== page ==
More enterprise endeavors are baking AI into products and services, in a decentralization of the technology analysts had previously foreseen.
But without workers to make AI move forward, initiatives can stall.
Emerging tech have consistently comprised around one-third of all technology job postings in the last 18 months, according to CompTIA data. And although a recent Gartner survey showed 7 in 10 executives currently say they have or can source the necessary AI talent, the skills gap is frequently cited as a barrier to AI adoption.
To attract and retain talent in AI, in-house training strategies can help companies fill open positions, analysts say. But only if there are teams clearly in charge of shaping training strategies — and if employers can convey a career path to boost employee retention.
Simply hiring talent is a terrible place to start en route to fulfilling AI aspirations, according to Sreekar Krishna, head of AI for KPMG US.
"An institution cannot become an AI company just by going and hiring data scientists," Krishna said. "Worst strategy ever."
Salary trends show this approach would be costly, too. The average yearly salary for data and AI professionals last year was $146,000, according to O'Reilly data. This salary neared the top of the wage range among surveyed technologists.
A hiring-first approach to talent sourcing can also introduce a difficult work dynamic, according to Krishna.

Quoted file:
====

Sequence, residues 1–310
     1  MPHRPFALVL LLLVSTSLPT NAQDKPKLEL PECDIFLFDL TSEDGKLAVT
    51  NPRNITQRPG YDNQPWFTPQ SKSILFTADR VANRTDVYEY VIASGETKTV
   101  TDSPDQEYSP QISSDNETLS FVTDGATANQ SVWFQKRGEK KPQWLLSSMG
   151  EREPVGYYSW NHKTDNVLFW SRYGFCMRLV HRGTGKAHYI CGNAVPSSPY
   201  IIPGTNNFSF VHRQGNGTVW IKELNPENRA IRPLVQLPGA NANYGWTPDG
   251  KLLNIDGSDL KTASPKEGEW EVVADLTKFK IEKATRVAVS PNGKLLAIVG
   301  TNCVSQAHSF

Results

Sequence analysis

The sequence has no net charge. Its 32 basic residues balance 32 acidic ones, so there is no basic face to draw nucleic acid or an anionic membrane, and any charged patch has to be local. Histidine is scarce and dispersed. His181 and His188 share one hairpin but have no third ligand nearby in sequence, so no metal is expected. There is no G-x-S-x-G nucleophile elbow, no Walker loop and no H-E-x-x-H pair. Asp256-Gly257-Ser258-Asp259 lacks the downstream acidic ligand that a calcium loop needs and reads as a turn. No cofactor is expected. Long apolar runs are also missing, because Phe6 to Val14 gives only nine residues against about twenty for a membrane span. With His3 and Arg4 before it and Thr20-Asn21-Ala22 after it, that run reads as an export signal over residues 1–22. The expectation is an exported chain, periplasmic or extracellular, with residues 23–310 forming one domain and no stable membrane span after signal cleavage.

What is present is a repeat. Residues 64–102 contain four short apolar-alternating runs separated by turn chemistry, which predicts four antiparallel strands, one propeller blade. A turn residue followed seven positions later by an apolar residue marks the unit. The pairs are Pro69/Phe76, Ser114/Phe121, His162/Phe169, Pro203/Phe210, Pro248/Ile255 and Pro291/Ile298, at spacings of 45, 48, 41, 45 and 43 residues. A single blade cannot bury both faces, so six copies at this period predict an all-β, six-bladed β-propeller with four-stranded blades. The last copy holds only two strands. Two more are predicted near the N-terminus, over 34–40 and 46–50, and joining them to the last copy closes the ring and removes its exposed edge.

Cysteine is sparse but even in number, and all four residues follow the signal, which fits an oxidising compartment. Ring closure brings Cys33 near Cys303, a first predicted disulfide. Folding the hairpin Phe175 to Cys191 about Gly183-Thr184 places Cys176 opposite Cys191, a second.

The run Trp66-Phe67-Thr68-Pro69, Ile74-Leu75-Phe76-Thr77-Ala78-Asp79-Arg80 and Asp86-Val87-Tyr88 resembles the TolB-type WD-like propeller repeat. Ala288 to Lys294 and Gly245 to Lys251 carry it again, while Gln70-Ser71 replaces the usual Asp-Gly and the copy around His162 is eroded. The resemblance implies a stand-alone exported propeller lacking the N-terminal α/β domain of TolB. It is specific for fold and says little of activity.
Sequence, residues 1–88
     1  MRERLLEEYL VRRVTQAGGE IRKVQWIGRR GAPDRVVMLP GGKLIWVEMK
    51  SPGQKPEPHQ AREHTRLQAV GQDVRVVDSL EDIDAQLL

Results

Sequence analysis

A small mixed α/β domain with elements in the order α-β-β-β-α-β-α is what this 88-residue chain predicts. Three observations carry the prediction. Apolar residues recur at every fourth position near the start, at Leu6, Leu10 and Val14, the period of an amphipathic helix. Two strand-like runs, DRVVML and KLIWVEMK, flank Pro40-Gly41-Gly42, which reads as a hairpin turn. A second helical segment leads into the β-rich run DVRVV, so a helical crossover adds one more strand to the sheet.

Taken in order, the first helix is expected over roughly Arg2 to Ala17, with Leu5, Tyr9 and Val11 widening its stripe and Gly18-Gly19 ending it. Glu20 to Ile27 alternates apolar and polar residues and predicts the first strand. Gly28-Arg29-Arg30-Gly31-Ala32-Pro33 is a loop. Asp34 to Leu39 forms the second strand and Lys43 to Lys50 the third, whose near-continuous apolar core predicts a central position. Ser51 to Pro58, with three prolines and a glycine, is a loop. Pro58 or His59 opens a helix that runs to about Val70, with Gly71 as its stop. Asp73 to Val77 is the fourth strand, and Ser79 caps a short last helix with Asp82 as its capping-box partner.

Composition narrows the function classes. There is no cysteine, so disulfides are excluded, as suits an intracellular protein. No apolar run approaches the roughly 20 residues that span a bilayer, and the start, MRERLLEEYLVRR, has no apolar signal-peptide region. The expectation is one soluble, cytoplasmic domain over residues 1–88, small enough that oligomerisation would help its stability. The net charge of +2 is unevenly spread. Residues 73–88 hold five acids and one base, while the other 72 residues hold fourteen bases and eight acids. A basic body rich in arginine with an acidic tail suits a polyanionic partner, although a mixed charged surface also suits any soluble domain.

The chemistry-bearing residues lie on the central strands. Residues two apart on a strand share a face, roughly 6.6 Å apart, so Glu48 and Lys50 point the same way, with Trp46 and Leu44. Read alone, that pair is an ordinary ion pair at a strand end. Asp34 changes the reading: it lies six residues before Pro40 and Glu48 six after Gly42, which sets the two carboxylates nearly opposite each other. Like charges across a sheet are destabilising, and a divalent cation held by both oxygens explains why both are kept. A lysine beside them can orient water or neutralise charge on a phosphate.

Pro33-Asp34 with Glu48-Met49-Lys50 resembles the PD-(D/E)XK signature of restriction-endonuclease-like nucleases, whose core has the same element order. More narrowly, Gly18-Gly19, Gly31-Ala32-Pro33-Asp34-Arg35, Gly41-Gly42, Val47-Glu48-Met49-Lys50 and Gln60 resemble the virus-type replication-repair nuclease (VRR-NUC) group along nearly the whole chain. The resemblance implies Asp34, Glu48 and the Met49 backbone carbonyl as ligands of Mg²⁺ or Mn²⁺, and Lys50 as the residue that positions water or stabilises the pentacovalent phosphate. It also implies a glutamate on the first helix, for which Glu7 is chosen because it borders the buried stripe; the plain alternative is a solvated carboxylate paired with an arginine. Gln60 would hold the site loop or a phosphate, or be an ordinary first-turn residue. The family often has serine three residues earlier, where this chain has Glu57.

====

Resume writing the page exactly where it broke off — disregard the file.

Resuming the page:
"You put people who have no business knowledge in the midst of a bunch of people who know a lot about the business, but don't know much about data and analytics," Krishna said.
Retention and training
Sam’s Club, a division of Walmart, has worked to create a compelling employee value proposition for technologists, said Vinod Bidarkoppa, CTO at Sam's Club.
"We are a membership company and finite SKU business, which means we have rich data across these dimensions," said Bidarkoppa in an email. "Match that with millions of transactions across various shopping channels, we have a gold mine of rich data which is the fuel to design and deploy AI models at scale."
Organizations looking to put in place training can start by designating a limited set of people clearly in charge of the process, said Rowan Curran, analyst at Forrester.
"If it's everybody's responsibility, then it's nobody's responsibility," said Curran. A designated team can focus on developing best practices, training guides, case studies from other parts of the organization and other resources to advance training.
Knowledge management platforms, such as SharePoint or other collaborative sites, is one strategy larger organizations with multiple analytics teams rely on to centralize training resources, Curran said. To boost retention, leaders must convey how getting involved with these training opportunities can impact their career track.
And because AI depends on data to deliver value, infusing data literacy across all levels of the business pays off for institutions that have put that strategy into practice.
"You have to hire technologists who are actually teachers first," said Krishna.